Kinetic art, which emerged in the late 1950s, is about processes of change and evolution. It is art that creatively employs inert materials as carriers of forces, so as to extend three-dimensional works beyond the static occupation of space into time... [more]
Kinetic art, which emerged in the late 1950s, is about processes of change and evolution. It is art that creatively employs inert materials as carriers of forces, so as to extend three-dimensional works beyond the static occupation of space into time and motion. Kinetic artists such as Pol Bury, Jean Tinguely, and Yaacov Agam, based mainly in Europe, rejected the Renaissance treatment of space through fixed-point, carefully diagrammed perspective. The dynamism that these artists wished to capture had found prior sculptural expression in pieces such as Marcel Duchamp's "Bicycle Wheel" (1913) and Alexander Calder's mobiles, as well as in the 1920s work of Naum Gabo and Laszlo Moholy-Nagy.
With the arrival of Kinetic sculpture, there was a proliferation of styles. The common aim was the creation of works that didn't dominate space with images of mass, but rather became integrally involved with the space around them. Moving parts powered by hand, air, or motor make these kinetic works resemble machines, and frequently they were assembled from actual pieces of machinery. Tinguely's fascination with twentieth-century technology inspired him to create wildly kinetic junk sculpture that is a poignant commentary on the effects of machination. His "Dissecting Machine" pairs machine parts with the severed body parts of a mannequin to create a mechanized personification of a human, while his "Homage to New York" self-destructed in the sculpture garden at the New York MoMA as a darkly satirical message about industry.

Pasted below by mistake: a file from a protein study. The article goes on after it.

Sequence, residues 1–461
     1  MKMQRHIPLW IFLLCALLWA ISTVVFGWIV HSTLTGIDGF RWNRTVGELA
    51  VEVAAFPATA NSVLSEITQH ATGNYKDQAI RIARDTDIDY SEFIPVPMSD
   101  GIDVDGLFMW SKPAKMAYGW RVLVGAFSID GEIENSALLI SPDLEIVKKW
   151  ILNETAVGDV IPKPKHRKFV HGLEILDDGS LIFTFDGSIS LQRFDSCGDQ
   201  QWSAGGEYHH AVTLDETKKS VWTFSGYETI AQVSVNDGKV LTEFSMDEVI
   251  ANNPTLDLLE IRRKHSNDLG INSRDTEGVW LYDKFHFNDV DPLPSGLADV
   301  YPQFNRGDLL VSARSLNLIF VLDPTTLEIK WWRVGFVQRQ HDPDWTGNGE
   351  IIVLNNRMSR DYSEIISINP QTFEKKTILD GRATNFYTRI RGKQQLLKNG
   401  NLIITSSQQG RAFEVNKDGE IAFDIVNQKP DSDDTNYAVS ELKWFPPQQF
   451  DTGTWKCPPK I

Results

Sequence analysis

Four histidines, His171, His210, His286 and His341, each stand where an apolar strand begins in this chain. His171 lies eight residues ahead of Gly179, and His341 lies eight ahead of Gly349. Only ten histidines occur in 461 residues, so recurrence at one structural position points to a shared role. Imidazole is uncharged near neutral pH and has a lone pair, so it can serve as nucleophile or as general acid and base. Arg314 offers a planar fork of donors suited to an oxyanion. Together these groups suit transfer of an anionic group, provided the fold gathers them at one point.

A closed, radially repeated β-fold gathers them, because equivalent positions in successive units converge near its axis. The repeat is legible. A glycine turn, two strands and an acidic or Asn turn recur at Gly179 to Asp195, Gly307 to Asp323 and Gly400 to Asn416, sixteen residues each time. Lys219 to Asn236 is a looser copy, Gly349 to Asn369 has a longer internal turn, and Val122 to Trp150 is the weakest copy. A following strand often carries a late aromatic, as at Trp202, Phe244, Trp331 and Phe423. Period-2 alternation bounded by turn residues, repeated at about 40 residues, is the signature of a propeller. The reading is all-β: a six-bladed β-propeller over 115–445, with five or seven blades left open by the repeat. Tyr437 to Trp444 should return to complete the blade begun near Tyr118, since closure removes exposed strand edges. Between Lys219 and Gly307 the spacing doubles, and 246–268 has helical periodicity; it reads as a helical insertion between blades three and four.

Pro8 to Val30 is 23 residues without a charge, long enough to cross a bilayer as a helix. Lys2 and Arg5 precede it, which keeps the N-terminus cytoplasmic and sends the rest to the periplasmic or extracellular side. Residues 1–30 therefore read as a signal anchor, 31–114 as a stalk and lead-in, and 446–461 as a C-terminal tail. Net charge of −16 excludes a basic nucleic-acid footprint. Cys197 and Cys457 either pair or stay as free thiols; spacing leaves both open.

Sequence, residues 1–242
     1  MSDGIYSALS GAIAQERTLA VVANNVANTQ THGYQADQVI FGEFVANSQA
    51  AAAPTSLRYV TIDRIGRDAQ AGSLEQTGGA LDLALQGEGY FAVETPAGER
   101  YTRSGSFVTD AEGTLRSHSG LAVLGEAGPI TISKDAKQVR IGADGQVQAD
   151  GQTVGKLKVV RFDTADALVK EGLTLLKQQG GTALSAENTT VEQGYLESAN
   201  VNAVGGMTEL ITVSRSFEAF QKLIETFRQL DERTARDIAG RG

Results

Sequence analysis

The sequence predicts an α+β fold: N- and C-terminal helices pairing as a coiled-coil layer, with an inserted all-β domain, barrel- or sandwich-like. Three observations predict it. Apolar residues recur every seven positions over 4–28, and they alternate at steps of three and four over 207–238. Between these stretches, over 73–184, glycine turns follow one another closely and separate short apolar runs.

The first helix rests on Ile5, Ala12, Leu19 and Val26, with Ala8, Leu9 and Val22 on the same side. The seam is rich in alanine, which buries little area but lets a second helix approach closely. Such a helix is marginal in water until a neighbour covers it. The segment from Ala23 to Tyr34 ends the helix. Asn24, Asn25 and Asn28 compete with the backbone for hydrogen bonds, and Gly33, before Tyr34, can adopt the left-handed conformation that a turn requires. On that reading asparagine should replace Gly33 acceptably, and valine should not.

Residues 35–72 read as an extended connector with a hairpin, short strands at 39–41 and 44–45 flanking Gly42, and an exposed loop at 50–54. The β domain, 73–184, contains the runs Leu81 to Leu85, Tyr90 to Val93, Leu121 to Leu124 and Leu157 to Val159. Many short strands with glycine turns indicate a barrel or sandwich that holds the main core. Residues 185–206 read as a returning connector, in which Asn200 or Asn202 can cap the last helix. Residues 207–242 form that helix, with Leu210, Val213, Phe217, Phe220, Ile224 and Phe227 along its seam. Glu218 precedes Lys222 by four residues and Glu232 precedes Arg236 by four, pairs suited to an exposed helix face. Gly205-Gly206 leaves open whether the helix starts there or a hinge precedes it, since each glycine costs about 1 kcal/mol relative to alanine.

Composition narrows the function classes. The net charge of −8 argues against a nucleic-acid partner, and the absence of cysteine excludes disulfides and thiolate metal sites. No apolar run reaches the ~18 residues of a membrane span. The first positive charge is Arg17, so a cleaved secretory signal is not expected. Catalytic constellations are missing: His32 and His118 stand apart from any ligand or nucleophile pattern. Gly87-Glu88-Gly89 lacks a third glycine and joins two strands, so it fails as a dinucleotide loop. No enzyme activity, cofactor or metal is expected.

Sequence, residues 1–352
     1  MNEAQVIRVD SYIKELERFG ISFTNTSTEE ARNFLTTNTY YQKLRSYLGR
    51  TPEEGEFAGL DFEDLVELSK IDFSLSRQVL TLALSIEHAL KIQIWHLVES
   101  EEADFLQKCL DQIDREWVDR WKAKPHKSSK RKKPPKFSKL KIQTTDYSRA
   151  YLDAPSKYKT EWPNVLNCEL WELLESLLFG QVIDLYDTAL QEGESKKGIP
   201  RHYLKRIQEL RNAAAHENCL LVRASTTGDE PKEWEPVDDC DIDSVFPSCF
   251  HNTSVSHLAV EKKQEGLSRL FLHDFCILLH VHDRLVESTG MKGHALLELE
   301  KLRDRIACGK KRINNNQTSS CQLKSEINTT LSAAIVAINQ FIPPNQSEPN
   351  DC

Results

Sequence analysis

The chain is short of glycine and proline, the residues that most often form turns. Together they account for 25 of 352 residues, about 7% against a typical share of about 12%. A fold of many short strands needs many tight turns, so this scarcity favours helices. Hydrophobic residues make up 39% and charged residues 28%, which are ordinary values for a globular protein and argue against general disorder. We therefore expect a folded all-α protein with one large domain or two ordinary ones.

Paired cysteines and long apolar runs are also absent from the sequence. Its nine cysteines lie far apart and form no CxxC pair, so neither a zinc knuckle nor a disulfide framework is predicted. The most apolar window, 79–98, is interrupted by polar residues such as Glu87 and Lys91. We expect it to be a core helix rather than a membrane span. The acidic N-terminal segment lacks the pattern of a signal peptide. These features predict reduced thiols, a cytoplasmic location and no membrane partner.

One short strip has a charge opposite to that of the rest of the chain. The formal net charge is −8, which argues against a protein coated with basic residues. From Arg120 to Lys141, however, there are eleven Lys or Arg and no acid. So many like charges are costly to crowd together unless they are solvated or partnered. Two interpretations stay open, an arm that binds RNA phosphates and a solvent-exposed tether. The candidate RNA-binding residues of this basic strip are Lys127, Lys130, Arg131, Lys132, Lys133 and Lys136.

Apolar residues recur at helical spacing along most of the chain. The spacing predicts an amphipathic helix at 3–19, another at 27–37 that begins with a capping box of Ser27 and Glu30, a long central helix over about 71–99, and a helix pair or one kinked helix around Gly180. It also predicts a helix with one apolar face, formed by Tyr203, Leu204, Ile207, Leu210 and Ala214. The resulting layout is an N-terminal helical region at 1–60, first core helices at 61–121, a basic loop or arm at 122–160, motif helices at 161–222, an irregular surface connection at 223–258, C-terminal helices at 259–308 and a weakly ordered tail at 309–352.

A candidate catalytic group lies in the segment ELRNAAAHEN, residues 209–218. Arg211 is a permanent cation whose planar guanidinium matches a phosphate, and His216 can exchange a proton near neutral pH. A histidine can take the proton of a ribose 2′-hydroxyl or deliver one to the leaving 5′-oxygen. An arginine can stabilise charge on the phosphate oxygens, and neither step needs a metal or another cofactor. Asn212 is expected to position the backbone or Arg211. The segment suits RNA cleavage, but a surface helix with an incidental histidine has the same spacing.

In a different vein, George Rickey's Kinetic sculptures were intended for the outdoors and constructed to sway in the wind, essentially joining technology with natural elements. The effect of Kinetic sculpture on viewers is one of collaboration, making them interact with moving forces. This interactive dimension is generally regarded as a precursor to the digital, computer, and laser art of today. [show less]